Northern Traverse Pathway (Lower), Cowgate Cemetery, Dover, Kent, UK

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John Latter on October 3, 2009

After entering the Main Gate at the north-east corner of Cowgate Cemetery Nature Reserve and turning left (or right with respect to the interior view), this is the scene looking up the North Traverse Pathway from the Lower (East) Pathway.

The inscription on the larger of the two headstones in the bottom-left foreground begins, "Sacred to the Memory of Mary Gouldup who died 20th November 1826, aged 25 years". The other names inscribed are Sarah Wheeler (died 20th May,1837, aged 65), Sarah Couldup (died 10th April, 1838, aged 32), Ann Gouldup (died 4th June, 1854, aged 81), and Elizabeth Ann Ratcliff (died 20th April 1855, aged 96).

Bearing in mind Cowgate Cemetery wasn't consecrated until 1835 (see below), it seems likely that Mary was moved here upon the death of Sarah Wheeler.

To the left of the base of the large tree on the far right is a headstone to Richard Fagg (died 7th September, 1882, aged 83), Rhoda Sheppard (died 7th February 1888, aged 87), and two of their children who died in infancy.

Five images of the Victorian Cowgate Cemetery were uploaded in 2007. This latest batch were all taken on Friday, 18th of September, Monday, 21st of September, or Sunday, 27th of September, 2009 (see 'Extra Information' under Photo Details in the right-hand column for camera details).

Click on the Cowgate tag to see more photos (and/or watch the YouTube video linked to below).

Standard Info

The Victorian Cowgate Cemetery is an approximate rectangle whose maximum dimensions are 150 x 70 yards. It slopes uphill from east to west with the western boundary wall (the longest) set into the lower slopes of the Western Heights.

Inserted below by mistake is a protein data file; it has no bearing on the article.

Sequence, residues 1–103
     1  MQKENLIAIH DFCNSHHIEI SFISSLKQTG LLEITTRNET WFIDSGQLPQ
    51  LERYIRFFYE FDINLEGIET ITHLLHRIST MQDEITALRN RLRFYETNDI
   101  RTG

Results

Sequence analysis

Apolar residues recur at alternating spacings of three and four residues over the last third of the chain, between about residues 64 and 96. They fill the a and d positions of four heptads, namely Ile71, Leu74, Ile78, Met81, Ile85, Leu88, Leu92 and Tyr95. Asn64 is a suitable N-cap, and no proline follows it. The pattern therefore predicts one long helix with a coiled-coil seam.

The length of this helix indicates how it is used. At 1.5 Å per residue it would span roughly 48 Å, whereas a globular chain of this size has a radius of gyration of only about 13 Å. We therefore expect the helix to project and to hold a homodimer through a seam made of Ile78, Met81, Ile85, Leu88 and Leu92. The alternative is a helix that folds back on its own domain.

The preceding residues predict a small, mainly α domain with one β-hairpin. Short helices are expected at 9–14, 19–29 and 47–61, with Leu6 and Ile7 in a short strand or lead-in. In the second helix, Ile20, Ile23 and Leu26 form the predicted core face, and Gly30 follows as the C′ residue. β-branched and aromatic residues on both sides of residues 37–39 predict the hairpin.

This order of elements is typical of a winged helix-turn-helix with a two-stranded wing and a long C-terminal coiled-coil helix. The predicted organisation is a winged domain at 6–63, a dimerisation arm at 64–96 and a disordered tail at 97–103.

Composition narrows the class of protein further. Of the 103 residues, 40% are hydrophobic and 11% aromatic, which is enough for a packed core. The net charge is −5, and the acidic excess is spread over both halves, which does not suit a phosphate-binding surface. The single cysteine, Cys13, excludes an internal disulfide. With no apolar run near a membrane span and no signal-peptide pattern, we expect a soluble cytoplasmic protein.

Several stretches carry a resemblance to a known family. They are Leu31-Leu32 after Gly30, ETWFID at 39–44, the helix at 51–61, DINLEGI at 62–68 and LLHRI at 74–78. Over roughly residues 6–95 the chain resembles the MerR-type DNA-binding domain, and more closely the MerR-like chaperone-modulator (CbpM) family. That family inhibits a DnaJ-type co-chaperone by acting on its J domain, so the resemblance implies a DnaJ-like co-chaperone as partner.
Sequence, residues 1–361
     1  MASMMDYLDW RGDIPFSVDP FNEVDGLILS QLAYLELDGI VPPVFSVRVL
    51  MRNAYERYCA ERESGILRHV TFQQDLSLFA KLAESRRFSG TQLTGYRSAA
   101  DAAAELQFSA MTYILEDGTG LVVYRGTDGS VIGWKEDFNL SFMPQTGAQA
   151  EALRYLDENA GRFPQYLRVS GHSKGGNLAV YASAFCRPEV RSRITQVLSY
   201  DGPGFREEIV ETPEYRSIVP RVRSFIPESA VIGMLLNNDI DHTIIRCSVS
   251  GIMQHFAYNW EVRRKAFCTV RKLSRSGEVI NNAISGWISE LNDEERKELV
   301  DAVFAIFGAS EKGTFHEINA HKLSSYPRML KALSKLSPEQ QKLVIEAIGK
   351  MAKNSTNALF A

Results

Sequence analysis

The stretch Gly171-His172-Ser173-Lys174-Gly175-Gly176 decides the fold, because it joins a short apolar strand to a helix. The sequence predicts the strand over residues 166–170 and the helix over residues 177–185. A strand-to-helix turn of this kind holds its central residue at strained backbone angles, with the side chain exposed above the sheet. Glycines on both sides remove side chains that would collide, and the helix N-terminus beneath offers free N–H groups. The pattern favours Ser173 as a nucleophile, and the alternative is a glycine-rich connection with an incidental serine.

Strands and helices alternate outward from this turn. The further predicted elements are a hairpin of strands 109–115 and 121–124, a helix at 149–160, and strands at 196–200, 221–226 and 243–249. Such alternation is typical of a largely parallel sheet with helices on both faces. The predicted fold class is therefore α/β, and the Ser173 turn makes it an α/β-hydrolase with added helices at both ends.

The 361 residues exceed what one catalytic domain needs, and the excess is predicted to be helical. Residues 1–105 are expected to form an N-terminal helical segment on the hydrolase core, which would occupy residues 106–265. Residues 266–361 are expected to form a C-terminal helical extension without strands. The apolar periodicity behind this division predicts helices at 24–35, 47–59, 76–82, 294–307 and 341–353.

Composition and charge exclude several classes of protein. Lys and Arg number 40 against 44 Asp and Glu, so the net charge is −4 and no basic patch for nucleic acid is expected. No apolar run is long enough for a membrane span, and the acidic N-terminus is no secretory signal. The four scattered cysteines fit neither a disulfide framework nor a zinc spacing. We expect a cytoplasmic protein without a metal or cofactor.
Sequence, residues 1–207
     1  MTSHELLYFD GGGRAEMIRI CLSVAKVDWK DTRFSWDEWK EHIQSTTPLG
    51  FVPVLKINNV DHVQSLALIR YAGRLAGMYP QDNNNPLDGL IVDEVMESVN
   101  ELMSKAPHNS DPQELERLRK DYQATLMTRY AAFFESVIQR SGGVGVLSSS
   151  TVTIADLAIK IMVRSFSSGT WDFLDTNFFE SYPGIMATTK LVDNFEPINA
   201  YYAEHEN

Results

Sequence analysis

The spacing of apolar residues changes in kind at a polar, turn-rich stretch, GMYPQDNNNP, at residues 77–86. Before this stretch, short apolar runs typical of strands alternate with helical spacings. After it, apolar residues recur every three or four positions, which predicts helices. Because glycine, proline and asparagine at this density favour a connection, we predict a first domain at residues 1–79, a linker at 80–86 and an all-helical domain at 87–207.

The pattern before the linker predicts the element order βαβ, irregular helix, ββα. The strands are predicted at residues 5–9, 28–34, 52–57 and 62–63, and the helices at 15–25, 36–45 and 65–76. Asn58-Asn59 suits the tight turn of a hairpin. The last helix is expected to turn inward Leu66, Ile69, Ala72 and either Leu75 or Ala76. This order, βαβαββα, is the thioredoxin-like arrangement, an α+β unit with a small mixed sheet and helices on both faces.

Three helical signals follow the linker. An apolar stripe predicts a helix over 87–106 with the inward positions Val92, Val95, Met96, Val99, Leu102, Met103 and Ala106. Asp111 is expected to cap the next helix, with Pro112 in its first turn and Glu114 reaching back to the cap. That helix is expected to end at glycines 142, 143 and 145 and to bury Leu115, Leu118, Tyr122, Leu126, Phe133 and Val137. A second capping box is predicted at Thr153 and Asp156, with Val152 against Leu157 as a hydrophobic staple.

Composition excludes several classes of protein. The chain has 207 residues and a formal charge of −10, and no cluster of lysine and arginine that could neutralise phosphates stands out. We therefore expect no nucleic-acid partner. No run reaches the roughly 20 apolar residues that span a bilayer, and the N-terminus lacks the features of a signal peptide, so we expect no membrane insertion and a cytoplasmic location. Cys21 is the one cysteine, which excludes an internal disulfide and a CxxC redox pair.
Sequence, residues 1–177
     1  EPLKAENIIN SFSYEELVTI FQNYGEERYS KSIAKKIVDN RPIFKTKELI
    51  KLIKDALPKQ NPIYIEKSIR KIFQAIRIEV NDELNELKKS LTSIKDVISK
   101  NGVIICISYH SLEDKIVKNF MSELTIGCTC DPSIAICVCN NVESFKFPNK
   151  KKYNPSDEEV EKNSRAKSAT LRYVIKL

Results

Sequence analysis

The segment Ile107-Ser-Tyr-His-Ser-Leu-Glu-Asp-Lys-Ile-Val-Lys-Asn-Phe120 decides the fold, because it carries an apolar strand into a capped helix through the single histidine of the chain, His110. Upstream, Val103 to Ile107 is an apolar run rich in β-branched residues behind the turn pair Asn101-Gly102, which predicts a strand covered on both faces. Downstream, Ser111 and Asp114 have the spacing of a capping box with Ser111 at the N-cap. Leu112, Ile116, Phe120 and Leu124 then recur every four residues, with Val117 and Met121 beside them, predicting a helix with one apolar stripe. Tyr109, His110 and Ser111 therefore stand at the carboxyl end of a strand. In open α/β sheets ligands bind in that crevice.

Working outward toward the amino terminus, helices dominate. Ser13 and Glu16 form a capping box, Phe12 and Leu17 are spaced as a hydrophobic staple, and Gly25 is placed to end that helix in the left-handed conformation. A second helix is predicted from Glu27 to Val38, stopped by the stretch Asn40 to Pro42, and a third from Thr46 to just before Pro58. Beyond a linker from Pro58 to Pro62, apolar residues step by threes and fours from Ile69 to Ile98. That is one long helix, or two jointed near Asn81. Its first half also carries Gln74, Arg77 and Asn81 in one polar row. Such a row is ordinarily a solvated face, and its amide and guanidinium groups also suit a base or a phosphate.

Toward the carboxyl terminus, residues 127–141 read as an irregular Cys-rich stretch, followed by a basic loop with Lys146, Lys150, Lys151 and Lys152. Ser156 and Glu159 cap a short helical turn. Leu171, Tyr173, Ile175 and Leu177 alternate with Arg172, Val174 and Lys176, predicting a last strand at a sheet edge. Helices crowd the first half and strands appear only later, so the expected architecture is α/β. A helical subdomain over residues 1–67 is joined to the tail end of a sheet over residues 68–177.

There are three long pathways running north to south: western, middle, and eastern. To reflect the fact the cemetery is on a slope, these will be correspondingly referred to as the upper, the middle, and lower.

From east to west there are the five shorter pathways: northern boundary, northern traverse, central traverse, southern traverse, and an irregular southern boundary pathway. For simplicity (although it might not seem so!), most positional references references will be given in terms of the three traversing pathways.

In other words, the burial areas of the cemetery are set out in a 4 v 2 grid pattern with a row of family vaults running along the upper boundary wall.

Abridged extracts from the plaque just inside the main (north) entrance:

Dover's Cowgate Cemetery is named after the medieval gate which allowed townspeople to graze their animals on the lower slopes of the Western Heights.

The land, over two acres in extent, was donated by William Mowll and consecrated in 1835 by the Archbishop of Canterbury (William Howley) as an extension to the Parish churchyard (St Mary`s).

The layout of the cemetery is attributed to Stephen Geary, the architect who designed London's Highgate Cemetery.

In 1990 the Wildlife Conservation Community Program (WCCP) discovered a small population of the Garden Dormouse (Eliomys quercinus) living in the cemetery. The Garden Dormouse is not 'officially' recorded as living in Britain.

Click to see a YouTube Video of Dover`s Victorian Cowgate Cemetery (part of which shows the exterior of the 'empty coffin' vault).

For more information see The Dover Society - Cowgate Cemetery Project and Cowgate Cemetery Volunteers.

John Latter / Jorolat

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Photo details

  • Uploaded on October 3, 2009
  • © All Rights Reserved
    by John Latter
    • Camera: PENTAX Corporation PENTAX K100D
    • Taken on 2009/09/21 11:37:16
    • Exposure: 0.005s (1/200)
    • Focal Length: 35.00mm
    • F/Stop: f/7.100
    • ISO Speed: ISO200
    • Exposure Bias: 0.00 EV
    • No flash

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